The U.S. Environmental Protection Agency (EPA) has announced final volume requirements under the Renewable Fuel Standard (RFS) program for the years 2014, 2015 and 2016, and final volume requirements for biomass-based diesel for 2014 to 2017. This rule finalizes higher volumes of renewable fuel than the levels EPA proposed in June, boosting renewable production and providing support for robust, achievable growth of the biofuels industry.
“The biofuel industry is an incredible American success story, and the RFS program has been an important driver of that success—cutting carbon pollution, reducing our dependence on foreign oil, and sparking rural economic development,” says Janet McCabe, the Acting Assistant Administrator for EPA’s Office of Air and Radiation. “With today’s final rule, and as Congress intended, EPA is establishing volumes that go beyond historic levels and grow the amount of biofuel in the market over time. Our standards provide for ambitious, achievable growth.”
The final RFS is an important part of the Obama Administration’s strategy to take action on climate change by propelling the U.S. toward a clean energy future. With final standards in place for the year ahead, biofuel producers and blenders are in a better position to plan and invest – putting the market on stable ground and supporting further growth and innovation in the renewable fuels industry.
The final 2016 standard for cellulosic biofuel — the fuel with the lowest carbon emissions — is nearly 200 million gallons, or seven times more, than the market produced in 2014. The final 2016 standard for advanced biofuel is nearly 1 billion gallons, or 35%, higher than the actual 2014 volumes; the total renewable standard requires growth from 2014 to 2016 of more than 1.8 billion gallons of biofuel, which is 11% higher than 2014 actual volumes. Biodiesel standards grow steadily over the next several years, increasing every year to reach 2 billion gallons by 2017.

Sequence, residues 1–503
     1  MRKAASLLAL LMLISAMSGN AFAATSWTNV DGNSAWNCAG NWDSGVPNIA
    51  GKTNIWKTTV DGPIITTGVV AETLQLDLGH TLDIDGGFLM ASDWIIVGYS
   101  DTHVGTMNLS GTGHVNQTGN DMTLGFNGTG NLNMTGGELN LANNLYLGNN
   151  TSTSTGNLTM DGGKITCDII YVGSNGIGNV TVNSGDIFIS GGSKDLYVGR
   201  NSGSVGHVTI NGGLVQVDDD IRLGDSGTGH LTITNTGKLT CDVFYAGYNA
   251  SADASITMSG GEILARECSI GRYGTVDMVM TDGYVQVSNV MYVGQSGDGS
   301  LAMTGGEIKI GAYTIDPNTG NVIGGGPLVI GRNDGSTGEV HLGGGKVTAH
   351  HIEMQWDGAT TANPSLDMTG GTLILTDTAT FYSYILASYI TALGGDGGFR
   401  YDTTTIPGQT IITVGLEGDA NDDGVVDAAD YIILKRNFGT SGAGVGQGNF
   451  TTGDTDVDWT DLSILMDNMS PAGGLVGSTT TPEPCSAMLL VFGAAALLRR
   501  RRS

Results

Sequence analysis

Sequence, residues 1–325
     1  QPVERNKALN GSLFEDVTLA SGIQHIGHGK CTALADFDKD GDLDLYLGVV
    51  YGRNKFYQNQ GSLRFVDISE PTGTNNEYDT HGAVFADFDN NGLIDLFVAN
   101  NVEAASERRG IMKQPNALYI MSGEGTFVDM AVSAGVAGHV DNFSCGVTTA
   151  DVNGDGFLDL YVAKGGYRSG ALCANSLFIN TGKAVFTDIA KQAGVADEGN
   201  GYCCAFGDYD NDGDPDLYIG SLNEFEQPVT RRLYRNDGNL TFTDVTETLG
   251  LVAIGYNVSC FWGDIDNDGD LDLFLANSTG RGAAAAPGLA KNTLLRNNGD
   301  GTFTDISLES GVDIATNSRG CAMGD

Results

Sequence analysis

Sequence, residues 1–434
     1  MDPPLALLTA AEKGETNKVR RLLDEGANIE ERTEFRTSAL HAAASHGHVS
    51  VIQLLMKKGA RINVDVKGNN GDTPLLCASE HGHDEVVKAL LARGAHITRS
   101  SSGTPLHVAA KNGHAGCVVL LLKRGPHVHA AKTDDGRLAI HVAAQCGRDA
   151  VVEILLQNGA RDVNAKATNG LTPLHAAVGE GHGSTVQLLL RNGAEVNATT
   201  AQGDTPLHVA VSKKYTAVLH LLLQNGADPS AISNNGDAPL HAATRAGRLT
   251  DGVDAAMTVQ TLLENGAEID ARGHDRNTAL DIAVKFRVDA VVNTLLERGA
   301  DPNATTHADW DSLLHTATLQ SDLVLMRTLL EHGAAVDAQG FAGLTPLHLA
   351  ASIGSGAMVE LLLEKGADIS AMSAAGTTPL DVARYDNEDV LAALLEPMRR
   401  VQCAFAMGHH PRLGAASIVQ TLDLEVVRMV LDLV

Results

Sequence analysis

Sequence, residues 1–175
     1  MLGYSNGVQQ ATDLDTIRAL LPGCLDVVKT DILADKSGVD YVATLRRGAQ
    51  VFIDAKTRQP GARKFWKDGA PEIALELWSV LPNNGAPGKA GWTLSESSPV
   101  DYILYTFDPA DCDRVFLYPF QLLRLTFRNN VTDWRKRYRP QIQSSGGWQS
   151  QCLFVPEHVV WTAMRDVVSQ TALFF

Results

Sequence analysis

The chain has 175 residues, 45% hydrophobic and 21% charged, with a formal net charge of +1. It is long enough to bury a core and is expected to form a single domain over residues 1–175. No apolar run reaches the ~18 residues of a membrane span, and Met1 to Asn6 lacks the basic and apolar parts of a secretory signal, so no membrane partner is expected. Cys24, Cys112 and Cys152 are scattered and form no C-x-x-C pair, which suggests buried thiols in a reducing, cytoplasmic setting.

The RFS, established by Congress, requires EPA to set annual volume requirements for four categories of biofuels. The final rule considered more than 670,000 public comments, and relied on the latest, most accurate data available. EPA finalized 2014 and 2015 standards at levels that reflect the actual amount of domestic biofuel used in those years, and standards for 2016 (and 2017 for biodiesel) that represent significant growth over historical levels.